5 CodeIgniter libraries you must have

CodeIgniter-powerful PHP framework with a very small footprint

CodeIgniter is a powerful PHP framework with a very small footprint, built for developers who need a simple and elegant toolkit to create full-featured web applications.

There have been multiple reasons why people still stick to CodeIgniter - small footprint, exceptional performance, wonderful documentation, nearly zero configuration and various others. Even I tried to get away from CodeIgniter, but familiarity with the framework brought me back to it again. But, this time I learnt from the shortcomings of the framework and tried to get the best of both the worlds by integrating other third party libraries to vanilla CodeIgniter setup. I have come up with the following list of 5 must have libraries which you should be using if you are developing with CodeIgniter Framework.

HMVC Modular Extension

HMVC stands for Hierarchical model–view–controller. The basic idea is to widgetize your code - turn your code into independent widgets / modules. Once you have your code segregated into modules, it becomes super easy to reuse controllers across other controllers and methods. Another major benefit is code maintenance - if you want to modify a particular feature, you would only need to change code within that particular widget/module and rest of the code remains agnostic to the changes.

The two most commonly used HMVC frameworks are:

Extend your Models

CodeIgniter comes with a wonderful database abstraction layer which supports databases like - MySQL (4.1+), MySQLi, MS SQL, Postgres, Oracle, SQLite, and ODBC. CodeIgniter's Active Record Class makes it very simple to write your database queries independent of your database type. The only downside I felt was that I have to write all the database queries again and again for every model I have. It would really help if we could have a common placeholder for all such common database APIs which can be reused across all the models.

CodeIgniter Base Model is just what I wanted. It comes preloaded with all the basic CRUD (Create Read Update Delete) operations. It has got in built common functions for form validation along with event based observer system such as hook to your callback routine just before inserting data into database. You need to just extend your models from this base model and you are done.

Use a Template Engine

CodeIgniter comes with its own templating engine which can parse simple variables or variable tag pairs. You can use the template library or use the views entirely written in php. Whether to use php for views or use a templating engine is a topic of much debate. Some people like everything in php simply because using that way gives them more flexibility in calling any routine from their code and it lets the view pages run a little faster. However, using templates segregates the presentation logic from business logic so that a front end developer never has to worry about the business logic and can write templates even though he may not understand back-end code. If your website grows bigger and more and more new people join, it becomes easier to expand if you have this segregation of business and presentation logic.

There are way too many options when it comes to templates, but I zeroed down on two template engines specifically for php - Smarty and Twig. They can easily be integrated to CodeIgniter, but there are wonderful people out there who have already done the job for you -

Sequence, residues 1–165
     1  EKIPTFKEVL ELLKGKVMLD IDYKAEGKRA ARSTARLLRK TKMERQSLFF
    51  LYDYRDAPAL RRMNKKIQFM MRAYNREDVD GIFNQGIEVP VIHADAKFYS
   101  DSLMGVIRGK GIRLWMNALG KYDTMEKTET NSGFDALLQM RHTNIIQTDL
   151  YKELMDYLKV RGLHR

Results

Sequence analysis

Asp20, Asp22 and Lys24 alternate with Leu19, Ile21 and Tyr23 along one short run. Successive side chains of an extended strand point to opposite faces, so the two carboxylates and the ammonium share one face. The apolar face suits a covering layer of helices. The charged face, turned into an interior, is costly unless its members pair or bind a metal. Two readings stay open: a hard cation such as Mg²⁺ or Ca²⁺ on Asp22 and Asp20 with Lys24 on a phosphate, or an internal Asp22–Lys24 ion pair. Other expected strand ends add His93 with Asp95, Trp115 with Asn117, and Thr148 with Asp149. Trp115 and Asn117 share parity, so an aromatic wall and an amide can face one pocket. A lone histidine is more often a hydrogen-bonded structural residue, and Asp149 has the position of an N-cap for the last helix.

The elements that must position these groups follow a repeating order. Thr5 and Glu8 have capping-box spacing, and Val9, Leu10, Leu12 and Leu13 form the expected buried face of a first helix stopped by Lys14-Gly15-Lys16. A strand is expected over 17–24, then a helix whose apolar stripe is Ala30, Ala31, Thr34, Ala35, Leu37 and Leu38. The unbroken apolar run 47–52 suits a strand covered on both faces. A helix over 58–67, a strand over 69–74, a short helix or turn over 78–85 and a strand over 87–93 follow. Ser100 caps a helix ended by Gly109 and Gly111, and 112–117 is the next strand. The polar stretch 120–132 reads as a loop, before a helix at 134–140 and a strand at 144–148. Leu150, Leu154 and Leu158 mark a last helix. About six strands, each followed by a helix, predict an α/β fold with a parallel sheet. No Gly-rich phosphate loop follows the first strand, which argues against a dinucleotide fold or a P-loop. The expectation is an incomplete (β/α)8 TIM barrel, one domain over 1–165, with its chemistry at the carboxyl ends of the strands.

Authentication and Authorization Library

This is where CodeIgniter lags behind other php frameworks. It does not come with an authorization library and you got to build one for yourself. An authentication library provides out of the box support for authenticating users, <authorize the users to do a particular task based on their roles, manage the roles and permissions etc. Once we have any such library, administrative tasks becomes easier and you can segregate the code based on user roles. For example, you would always like to have an admin panel which can only be accessed by site administrator, while all other users should be restricted to access this page. Similarly, a logged in user has the permission to post new blogs, while an usual visitor who is not logged in can just view the blogs. All these tasks become seamless once you use a third party authentication library such as:

Custom Routing Library

Typically there is a one-to-one mapping between a URL component and its corresponding Controller Method. However, CodeIgniter lets you define your own custom routes which can be defined in application/config/routes.php using Regular Expressions and Wildcards. It works well for basic use cases, but if you need more detailed and controlled routes - you got to look out for other alternatives. I haven't found many Custom Routing Libraries as such, but Pigeon is an excellent routing library that supports HTTP method based routing, RESTful and nested routes built on top of native CodeIgniter routing mechanism. 

If you find it way too comfortable to sneak peek into php code, then you can check out source code for Bonfire which includes the very best of custom routing library - inherited from Pigeon and Laravel. More details can be found here.


This is by no means a comprehensive list of most useful CodeIgniter libraries, there are many others which you should be using as and when needed. But, this is the very basic set that you should have before starting out development using CodeIgniter.

This is what I feel is the list of 5 CodeIgniter libraries you must have, feel free to leave a comment as to what you think should be your top 5 CodeIgniter library candidtates.

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